But the risen Jesus told them, “You will be my witnesses.” And he speaks not just to those twelve, but to all his disciples. Yes, the twelve would serve as special eye-witness apostles directly sent by Jesus. But all believers bear the title witness and priest of God’s kingdom in Christ.

How do you feel about being a witness to Jesus? What qualifications could you and I list for being his spokesperson? “I don’t consider myself wise, persuasive, or good with words.” That’s what the apostle Paul would say as well as many before him and many after him, including me. What about you?

And you have to look at what we are up against as those who testify about Jesus! If we were to read the surrounding verses, we’d be reminded what it means to be a witness for Jesus. It means you will have the opposition of the world and spiritual forces of evil in the heavenly realms. To be a witness of Jesus is to speak up when every natural inclination of our reason will say, “That’s not going to be easy.” As his witnesses we speak of him each week right here. In the friendly surroundings of fellow believers, we give witness to his Word. But how do we measure up? In the friendliest of settings do we sometimes soften our speaking and singing his Word? Who of us here likes to stand out in public? I don’t. The regularly filled back rows speak for many of us here. Who likes to stand out? Now what happens when we step outside this sanctuary? Do our prayers and hymns get louder or softer? Does our confession of faith get more pronounced? Even within the home we might be tempted to think, “I can’t really speak divine truths to my children! I’m not wise enough.”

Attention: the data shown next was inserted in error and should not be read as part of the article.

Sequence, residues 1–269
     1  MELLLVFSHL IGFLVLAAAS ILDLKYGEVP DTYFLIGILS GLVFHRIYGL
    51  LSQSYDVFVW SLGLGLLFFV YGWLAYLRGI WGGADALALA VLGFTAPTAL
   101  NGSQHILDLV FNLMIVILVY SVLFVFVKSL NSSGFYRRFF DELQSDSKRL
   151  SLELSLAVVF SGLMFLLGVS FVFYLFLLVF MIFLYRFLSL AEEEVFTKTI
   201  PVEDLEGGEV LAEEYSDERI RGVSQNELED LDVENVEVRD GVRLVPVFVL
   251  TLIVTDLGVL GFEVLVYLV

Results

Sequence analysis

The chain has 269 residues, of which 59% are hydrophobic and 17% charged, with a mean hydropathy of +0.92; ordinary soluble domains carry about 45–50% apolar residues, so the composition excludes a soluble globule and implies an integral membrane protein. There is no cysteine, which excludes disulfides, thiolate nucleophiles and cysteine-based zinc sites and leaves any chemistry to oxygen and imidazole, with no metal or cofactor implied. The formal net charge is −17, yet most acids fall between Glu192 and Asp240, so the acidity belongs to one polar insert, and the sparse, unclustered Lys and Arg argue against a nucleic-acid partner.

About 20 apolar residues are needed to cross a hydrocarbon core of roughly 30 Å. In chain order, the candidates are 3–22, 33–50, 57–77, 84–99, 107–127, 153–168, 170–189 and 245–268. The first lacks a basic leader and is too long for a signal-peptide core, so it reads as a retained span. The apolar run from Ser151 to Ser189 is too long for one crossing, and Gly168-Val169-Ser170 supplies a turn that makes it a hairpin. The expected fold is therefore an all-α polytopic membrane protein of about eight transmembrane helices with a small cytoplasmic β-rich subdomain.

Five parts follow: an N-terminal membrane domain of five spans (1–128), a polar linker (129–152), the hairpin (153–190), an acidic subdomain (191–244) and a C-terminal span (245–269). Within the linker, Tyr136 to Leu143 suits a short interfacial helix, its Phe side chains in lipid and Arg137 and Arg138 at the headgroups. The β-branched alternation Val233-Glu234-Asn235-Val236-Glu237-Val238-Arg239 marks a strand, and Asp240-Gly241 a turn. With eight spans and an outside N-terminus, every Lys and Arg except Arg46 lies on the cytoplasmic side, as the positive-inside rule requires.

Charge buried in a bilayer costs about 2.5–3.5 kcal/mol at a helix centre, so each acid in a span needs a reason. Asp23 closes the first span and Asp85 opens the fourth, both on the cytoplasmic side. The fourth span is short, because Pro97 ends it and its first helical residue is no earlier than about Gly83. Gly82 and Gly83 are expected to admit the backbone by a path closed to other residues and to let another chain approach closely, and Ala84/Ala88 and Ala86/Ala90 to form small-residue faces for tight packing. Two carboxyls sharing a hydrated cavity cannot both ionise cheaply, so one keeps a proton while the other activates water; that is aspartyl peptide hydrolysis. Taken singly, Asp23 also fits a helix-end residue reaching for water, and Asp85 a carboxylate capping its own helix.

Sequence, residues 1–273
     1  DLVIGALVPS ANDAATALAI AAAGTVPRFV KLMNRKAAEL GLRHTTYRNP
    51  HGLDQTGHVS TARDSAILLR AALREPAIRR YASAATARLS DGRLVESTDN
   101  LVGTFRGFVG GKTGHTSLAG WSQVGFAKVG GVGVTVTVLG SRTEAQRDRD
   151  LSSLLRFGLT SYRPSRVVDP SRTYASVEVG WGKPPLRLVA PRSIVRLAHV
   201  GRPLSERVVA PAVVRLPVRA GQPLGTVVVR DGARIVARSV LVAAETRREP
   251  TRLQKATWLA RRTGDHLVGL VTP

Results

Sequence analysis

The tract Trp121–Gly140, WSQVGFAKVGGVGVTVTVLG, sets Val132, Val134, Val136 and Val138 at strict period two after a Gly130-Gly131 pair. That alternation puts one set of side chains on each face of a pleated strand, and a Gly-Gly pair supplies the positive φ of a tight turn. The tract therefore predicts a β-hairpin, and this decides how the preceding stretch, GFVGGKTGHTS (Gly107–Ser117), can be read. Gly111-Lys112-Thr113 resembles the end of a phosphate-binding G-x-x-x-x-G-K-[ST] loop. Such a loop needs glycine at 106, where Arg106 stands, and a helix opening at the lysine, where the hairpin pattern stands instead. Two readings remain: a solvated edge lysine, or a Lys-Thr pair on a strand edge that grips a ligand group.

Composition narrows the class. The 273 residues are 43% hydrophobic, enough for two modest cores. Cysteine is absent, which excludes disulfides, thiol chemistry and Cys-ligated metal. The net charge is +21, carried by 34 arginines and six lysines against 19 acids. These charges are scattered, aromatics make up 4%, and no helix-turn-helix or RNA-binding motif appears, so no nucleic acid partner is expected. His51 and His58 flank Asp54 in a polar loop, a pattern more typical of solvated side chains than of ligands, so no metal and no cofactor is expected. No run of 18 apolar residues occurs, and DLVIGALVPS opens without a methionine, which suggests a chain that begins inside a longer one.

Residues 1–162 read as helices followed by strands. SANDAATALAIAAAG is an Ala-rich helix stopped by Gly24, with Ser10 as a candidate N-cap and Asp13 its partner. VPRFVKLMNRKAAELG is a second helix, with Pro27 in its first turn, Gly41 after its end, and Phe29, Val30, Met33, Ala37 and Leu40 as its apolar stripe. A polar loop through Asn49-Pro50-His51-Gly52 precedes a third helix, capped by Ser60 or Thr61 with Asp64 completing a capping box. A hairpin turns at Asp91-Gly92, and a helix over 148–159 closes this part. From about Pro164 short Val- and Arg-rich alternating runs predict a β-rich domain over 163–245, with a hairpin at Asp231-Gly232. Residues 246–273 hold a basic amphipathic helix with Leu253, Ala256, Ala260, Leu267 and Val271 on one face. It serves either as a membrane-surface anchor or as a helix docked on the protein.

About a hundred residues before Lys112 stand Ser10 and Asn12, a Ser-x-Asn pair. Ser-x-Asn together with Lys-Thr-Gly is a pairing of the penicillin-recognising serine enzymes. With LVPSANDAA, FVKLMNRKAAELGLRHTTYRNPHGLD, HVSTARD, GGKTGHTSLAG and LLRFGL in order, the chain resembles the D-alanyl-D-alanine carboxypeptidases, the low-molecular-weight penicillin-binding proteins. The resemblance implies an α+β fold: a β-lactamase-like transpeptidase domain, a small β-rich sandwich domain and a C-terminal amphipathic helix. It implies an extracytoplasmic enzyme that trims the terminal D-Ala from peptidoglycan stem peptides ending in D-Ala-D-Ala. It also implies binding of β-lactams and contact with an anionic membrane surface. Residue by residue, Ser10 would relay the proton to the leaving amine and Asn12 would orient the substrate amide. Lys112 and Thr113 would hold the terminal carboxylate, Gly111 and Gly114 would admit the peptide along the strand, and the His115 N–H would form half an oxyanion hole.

It wasn’t that the twelve apostles were better men than all the others before them. Nor was it that they were better men than any who would come after them. This much is consistent and clear: God uses various people to get his Word out to the world. And all the sins, shortcomings, limitations, faults of the people he uses each serve to emphasize the need for his Spirit in carrying out his task.